700 election monitors to watch Ukraine’s election

Nearly 700 OSCE observers will monitor Ukraine's key parliamentary vote on October 26, the pan-European security body said on Friday, as it opened an election observer office in Kiev, according to a report from Agence France-Presse.

700 election monitors to watch Ukraine's election
Monitors from the OSCE Special Monitoring Mission to Ukraine during a briefing. Photo: OSCE/Evgeniy Maloletka

The election will give Ukraine's voters the first chance to pass judgement on Western-oriented President Petro Poroshenko's attempts to pull the former Soviet republic out of its worst crisis since independence in 1991 and away from historical master Moscow.

"The mission will assess the entire election process for compliance with OSCE commitments and other international standards for democratic elections, as well as with national legislation," the Organisation for Security and Cooperation in Europe said.

"Observers will monitor the legislative framework and its implementation, the work of the election administration and relevant government bodies, campaign activities, media coverage and the resolution of election disputes," the Vienna-based body said.

Led by Tana de Zulueta of Italy, the team consists of 16 experts based in Kiev and 80 long-term observers deployed across Ukraine. Another 600 short-term observers will monitor election day proceedings.

The vote will give the 450-seat parliament additional powers such as nominating prime ministers without prior consultation with the president, making its cooperation essential for the former chocolate tycoon.

A new People's Front created by Prime Minister Arseniy Yatsenyuk and the president's eponymous own party are expected to form the bedrock of the current leadership's parliamentary support.

But the pro-Russian Regions Party that ruled Ukraine under former president Viktor Yanukovych — whose ouster in February sparked the current crisis — has said it will boycott the vote.

The OSCE has emerged as a key player in Ukraine, sending observers to the restive east of the country and taking part in peace talks in Minsk two weeks ago that resulted in a so-far shaky truce.

The pan-European security body, whose 57 members include Russia, Ukraine and the United States, aims to double the number of observers in the east to 500 in the next 10 weeks and also plans to deploy drones.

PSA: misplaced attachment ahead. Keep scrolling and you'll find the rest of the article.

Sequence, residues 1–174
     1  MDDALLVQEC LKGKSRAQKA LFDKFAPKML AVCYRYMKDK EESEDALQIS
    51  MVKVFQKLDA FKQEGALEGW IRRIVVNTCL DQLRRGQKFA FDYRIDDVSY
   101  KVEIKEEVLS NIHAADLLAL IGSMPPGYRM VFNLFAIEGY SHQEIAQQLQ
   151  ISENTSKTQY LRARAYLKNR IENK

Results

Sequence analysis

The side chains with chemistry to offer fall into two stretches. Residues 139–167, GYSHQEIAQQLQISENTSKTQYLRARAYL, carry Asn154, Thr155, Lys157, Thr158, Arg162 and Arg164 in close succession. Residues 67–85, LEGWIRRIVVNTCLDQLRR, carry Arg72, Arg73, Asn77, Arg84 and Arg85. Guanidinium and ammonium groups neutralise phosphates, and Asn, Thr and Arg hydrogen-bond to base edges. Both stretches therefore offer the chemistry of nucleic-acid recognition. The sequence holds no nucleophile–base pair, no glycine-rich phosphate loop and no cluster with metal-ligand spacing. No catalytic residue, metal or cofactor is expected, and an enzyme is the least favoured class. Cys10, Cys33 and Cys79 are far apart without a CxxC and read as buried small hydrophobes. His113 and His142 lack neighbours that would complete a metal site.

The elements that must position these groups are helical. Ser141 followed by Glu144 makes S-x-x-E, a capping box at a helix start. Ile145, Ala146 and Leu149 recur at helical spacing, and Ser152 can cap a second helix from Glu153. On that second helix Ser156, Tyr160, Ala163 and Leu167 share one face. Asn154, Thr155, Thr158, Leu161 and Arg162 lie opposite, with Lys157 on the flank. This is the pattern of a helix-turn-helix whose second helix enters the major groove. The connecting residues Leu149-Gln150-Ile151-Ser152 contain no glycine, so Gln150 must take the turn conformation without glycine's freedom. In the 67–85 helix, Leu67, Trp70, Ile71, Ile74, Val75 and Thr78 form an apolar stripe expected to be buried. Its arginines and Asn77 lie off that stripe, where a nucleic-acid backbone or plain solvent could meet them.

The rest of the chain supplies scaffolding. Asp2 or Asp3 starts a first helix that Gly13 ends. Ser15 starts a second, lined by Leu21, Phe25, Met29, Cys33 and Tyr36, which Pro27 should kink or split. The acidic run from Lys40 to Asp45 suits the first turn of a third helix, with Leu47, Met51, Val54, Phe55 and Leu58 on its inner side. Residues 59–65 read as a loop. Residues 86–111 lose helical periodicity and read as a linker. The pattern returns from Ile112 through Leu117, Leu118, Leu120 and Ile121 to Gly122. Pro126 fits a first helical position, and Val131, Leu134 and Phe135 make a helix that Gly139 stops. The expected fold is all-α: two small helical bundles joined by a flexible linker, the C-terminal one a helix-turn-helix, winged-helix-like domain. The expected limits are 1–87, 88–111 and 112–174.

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US financier Soros ‘ready to invest in Ukraine’

US financier George Soros has said he is ready to invest $1 billion in Ukraine if the West promises to help the embattled country.

US financier Soros 'ready to invest in Ukraine'

"Ukraine is defending the EU from Russian aggression", and helping its development will weaken Russian President Vladimir Putin, the Hungarian-born philanthropist said in an interview published in German by Austrian newspaper Der Standard on Monday. 

He said Ukraine needed €50 billion to get itself back on its feet, and said he was prepared to pump $1 billion (€922 million) into agriculture and infrastructural projects.

Ukraine is at the edge of bankruptcy hit by the triple whammy of the war in its industrial east, a deep economic recession and the record devaluation of its currency. Its public debt is likely to reach 94 percent of its GDP in 2015.

Soros said his investments "should make a profit", which would go to his foundation rather than him personally.

"The West can help Ukraine by making it more attractive to investors by giving them insurance against political risk," he said.

"That could take the form of financing very close to the European interest rates, which are very close to zero."

Ukrainian investment analysts ICU only predict a return to growth in 2017, and a sharp drop in GDP of 7.6 percent this year.

The new Vienna-based Agency for the Modernization of Ukraine (AMU), which is headed by Austria’s former finance minister Michael Spindelegger, has been criticised by Ukrainian politicians as a PR ploy which is designed to restore the reputation of Ukrainian oligarch Dmitry Firtash